I’m still riding high from the Typhoon Haiyan relief seminar that we put on this past Sunday. It was an honor to be able to help the Philippines in their time of need, and it was wonderful to be able to work with such talented martial artists as well. I was lucky enough to be one of the instructors that day. Since I created the schedule, I purposefully put myself last to watch how the more experienced instructors taught their portion of the seminar. Now that I have students, I’ve learned that teaching is an art of its own. People learn in individual ways, and with my smaller class sizes, I’ve been able to tailor instruction to smaller groups. This seminar was my first time teaching a class of more than five people. I knew that I could benefit from the experience of the other instructors. Luckily, there are a lot of resources I can turn to for help. Tim Rivera, lead instructor at Garimot St. Louis, gave me some great advice about structuring a class. I used it and liked it. Tim, thank you for the advice.
Each instructor taught me a little about how to teach a big class like that, but I gained the most from actually teaching. There is much more to learn on this subject, though. I think I did well teaching and took notes for future improvement. Tim’s advice was to allot ten minutes for instruction and practice, which would break an hour into six segments. This structure worked for me, and I think it’s a good organizational tool for larger classes. It really helped narrow down what material I could cover. At first, I thought ten minutes was a long time. Was I ever wrong. Each ten minute segment went by very fast. This structure is also flexible though. I was going to teach inside passing from Cacoy Doce Pares (and the Counterpoint Tactical System red belt curriculum). Tim taught a similar passing drill earlier from Garimot Arnis; so, I was able to go quickly through inside passing.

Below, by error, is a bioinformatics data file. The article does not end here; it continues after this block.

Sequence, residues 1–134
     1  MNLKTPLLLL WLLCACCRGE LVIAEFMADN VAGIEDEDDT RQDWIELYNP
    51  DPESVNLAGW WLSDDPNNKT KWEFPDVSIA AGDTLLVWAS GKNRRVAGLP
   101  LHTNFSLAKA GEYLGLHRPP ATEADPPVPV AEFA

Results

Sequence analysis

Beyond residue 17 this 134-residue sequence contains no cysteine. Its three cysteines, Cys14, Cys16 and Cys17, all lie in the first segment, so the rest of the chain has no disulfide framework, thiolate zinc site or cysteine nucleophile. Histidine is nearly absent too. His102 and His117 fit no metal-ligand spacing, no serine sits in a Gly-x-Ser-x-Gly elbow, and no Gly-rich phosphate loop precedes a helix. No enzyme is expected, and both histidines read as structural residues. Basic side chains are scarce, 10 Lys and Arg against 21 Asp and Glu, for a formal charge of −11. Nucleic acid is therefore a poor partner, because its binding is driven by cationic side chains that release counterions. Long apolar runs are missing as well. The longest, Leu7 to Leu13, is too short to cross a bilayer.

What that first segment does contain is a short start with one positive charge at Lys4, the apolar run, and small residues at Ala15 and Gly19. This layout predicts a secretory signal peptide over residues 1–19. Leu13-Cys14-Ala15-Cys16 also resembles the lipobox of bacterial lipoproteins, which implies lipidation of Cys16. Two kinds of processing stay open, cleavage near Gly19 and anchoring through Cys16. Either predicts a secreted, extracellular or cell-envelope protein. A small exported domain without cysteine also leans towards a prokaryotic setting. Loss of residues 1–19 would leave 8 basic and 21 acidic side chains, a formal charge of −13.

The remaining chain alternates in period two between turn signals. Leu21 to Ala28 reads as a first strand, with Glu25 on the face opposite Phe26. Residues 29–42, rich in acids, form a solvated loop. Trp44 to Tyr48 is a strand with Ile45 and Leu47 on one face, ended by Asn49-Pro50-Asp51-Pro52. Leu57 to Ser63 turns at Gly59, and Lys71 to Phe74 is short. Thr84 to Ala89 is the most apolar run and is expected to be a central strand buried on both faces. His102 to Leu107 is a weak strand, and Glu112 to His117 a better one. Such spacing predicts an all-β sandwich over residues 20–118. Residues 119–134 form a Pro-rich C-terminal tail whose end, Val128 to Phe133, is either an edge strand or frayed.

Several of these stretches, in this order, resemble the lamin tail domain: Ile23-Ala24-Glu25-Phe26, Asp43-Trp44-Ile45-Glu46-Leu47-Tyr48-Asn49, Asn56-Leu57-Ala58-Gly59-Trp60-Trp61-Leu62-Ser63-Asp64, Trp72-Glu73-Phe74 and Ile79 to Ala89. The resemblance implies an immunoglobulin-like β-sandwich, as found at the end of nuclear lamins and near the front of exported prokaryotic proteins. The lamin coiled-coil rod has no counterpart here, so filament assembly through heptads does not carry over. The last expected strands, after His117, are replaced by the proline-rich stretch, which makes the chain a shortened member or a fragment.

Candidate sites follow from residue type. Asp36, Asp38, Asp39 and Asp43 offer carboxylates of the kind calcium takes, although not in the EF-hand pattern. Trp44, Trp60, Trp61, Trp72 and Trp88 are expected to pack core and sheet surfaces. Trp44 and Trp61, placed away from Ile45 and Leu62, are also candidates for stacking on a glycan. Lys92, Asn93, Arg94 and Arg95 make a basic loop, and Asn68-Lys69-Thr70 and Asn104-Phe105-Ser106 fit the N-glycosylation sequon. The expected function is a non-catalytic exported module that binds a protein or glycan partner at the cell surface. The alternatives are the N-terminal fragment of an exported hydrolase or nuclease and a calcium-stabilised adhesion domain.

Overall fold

My goal was to teach a lead up to the close quarter sparring that Cacoy Doce Pares does so well. Obviously, it takes longer than an hour to cover all the stuff needed to get into the sparring portion. So, I showed inside passing, parts one through eight of the John Mac attack striking pattern with some timing changes, striking to some grappling, and the Jennifer trapping drill. Things went well until the Jennifer drill. I got a lot of blank stares when I showed the Jennifer drill, and from what I saw earlier, I knew the problem was my instruction. I had watched these participants pick up lessons all day and run with them. So, my explanation was lacking. Tobias Gibson asked some excellent questions that helped me reframe the drill into something that the group could understand better. Fortunately, my brain was still working and came up with an alternate way of demonstrating and explaining that made sense. This also made me go back and assess my other explanations, and I could have gone more in depth on other parts of my hour. It will be an ongoing experience to determine how much description is enough without giving too little or too much.
I was very happy with the lesson overall. I think it went well. Next time I have a similar opportunity, I will leave off the Jennifer drill altogether and focus more on the John Mac attack striking pattern and why we use striking patterns. Twice this year, my instructor Master Zach Whitson, has discussed why striking patterns are important, and really, it started to click with me during the in-depth Lihok ni Cacoy class he taught this past November. I’ve been thinking it through and working it into my weekly classes. I had an opportunity to try to work through more of that thought process with other artists who have the ‘outsiders’ perspective. Next time, I will take advantage of that. But for now, I’m just happy that I got to demonstrate an art that I love for a good cause.